Path is a technology company focused on bringing you closer to the people you care about most. This is reflected not only in their products, but in the collaborative work culture they've created. We sat down with Cynthia, Nate, and Libby from the Path product team to learn more about their approach to product development and how they use Quip on a daily basis.
Path has two core products: Path — an elegant social network for you and your closest friends and family, and Path Talk — a messaging app that enables smart and private communication with people and places (like restaurants and stores). You can download both apps for free on the App Store or Play Store.
At Path, features are conceptualized in an environment that encourages open and collaborative brainstorming. The product team believes that great ideas can come from anywhere, so they do things like hold “open office hours” once a week so anyone can come discuss an idea for a feature or product. It is also not uncommon for hallway conversations to become features, or for an engineer to prototype an idea they have been wanting to build and for it to end up in the next release.
Quip is also an essential part of how Path manages an open but organized product process. Before Quip, the Path team had tried a number of different products to help them publicize the roadmap, build out product specs, and organize product launches. Quip enabled Path to simplify the number of tools they use down to Slack for real-time communication, Quip as their wiki / productivity suite, and Red Pen to discuss mocks. The whole company is organized in a single shared folder on Quip, and they call Quip their “source of truth” for everything that's currently being worked on as well as all past launches and projects.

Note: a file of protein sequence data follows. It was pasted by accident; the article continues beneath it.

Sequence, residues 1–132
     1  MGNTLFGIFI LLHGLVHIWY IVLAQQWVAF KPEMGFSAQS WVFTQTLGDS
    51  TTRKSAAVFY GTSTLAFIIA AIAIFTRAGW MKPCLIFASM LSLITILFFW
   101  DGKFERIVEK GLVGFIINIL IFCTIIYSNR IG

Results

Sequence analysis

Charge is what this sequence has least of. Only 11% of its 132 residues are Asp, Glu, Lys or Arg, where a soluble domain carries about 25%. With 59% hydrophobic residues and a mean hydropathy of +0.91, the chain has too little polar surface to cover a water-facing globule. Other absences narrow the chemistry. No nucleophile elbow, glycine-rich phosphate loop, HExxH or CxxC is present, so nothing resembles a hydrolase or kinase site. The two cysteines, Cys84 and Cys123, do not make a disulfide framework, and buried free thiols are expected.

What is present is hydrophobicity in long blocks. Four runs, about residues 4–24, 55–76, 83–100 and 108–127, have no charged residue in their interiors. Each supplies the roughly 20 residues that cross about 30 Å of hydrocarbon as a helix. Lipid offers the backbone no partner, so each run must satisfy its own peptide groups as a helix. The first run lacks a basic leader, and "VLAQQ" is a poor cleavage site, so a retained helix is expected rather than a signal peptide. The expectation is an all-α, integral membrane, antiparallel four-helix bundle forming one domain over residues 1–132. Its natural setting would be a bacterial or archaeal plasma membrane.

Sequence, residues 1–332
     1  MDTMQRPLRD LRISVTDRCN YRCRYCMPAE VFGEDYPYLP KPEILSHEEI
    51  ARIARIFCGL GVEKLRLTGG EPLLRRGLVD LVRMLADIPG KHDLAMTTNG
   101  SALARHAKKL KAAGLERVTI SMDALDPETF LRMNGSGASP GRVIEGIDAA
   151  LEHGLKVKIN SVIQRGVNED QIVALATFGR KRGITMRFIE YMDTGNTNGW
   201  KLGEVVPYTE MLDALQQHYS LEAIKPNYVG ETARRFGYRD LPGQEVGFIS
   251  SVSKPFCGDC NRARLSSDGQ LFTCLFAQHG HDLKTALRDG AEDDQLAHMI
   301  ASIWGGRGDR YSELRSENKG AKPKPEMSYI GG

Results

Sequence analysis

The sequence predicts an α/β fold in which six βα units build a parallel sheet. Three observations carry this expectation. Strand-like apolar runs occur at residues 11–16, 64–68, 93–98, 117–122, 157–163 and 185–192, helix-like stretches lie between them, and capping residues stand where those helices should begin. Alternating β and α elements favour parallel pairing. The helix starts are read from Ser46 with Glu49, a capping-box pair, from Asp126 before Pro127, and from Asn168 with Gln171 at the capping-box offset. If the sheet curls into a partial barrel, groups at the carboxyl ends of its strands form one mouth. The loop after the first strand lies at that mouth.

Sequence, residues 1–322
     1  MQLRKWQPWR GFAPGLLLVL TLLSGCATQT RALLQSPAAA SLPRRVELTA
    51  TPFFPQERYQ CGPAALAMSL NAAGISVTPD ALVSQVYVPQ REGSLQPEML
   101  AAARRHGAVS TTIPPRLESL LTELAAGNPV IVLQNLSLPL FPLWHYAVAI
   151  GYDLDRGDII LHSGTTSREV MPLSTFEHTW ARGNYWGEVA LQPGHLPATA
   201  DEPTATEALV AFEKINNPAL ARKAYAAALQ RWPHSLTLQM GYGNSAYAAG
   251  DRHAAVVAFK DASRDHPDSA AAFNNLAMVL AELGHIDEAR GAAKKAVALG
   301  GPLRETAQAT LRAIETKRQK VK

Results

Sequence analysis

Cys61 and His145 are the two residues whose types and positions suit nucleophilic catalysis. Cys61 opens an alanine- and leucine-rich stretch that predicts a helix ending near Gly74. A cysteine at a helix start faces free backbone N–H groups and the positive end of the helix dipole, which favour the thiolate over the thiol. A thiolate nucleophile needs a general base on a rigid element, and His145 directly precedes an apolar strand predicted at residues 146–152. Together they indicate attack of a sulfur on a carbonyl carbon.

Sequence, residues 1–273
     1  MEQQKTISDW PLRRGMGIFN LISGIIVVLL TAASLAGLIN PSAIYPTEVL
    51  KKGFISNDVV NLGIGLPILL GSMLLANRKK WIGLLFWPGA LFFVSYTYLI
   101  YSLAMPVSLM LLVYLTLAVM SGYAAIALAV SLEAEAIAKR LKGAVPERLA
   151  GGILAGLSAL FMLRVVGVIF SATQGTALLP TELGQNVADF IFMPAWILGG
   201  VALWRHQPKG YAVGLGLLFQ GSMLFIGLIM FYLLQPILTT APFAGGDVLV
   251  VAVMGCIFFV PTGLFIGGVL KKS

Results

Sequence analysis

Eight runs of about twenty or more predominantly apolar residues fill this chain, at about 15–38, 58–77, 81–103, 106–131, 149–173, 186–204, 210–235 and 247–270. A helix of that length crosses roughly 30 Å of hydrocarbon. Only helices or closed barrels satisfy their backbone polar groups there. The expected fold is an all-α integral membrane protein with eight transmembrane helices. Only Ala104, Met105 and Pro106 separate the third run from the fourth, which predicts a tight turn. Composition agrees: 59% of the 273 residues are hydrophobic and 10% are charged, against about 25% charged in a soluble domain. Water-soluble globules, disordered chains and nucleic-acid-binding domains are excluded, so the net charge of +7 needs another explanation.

A Focused and Organized Roadmap
The plan of record for everything that is being worked on — whether it is being spec'd by product, mocked up by the design team, prototyped by the engineering team, or about to be released — is Path's roadmap.
Even with the open flow of ideas at Path, there still is a need to pare down all the potential features to a prioritized list. The underlying strategic vision for the company is carefully considered when deciding which features are to be prioritized and when they should be included in a release. Nate explains, "A few things are really important to us when we think about our product process. Customer feedback plays a huge role as does the effort and impact matrix. We like to weigh the amount of resources needed to build a feature against how important it is to people who use our product and the effect it will have on our key metrics.”
This effort and impact balance is also considered with engineering resources, “We work with engineering to say 'If we are going to build these things, how much time will it take?'. We estimate level of effort in 'days, weeks, and months'.” Nate continues, “Not everything can be high impact / low effort, but the projects that are will move to the top of the roadmap.” This thought process is reflected in the product team's top level roadmap document. The roadmap document exists as a collaborative Quip spreadsheet and is organized by release. The release currently being worked on is at the top of the roadmap document, and below that is the next release (and the one after that). Key info for each feature is outlined in the doc, including who is working on the project, what resources will be required, and links to essential documents.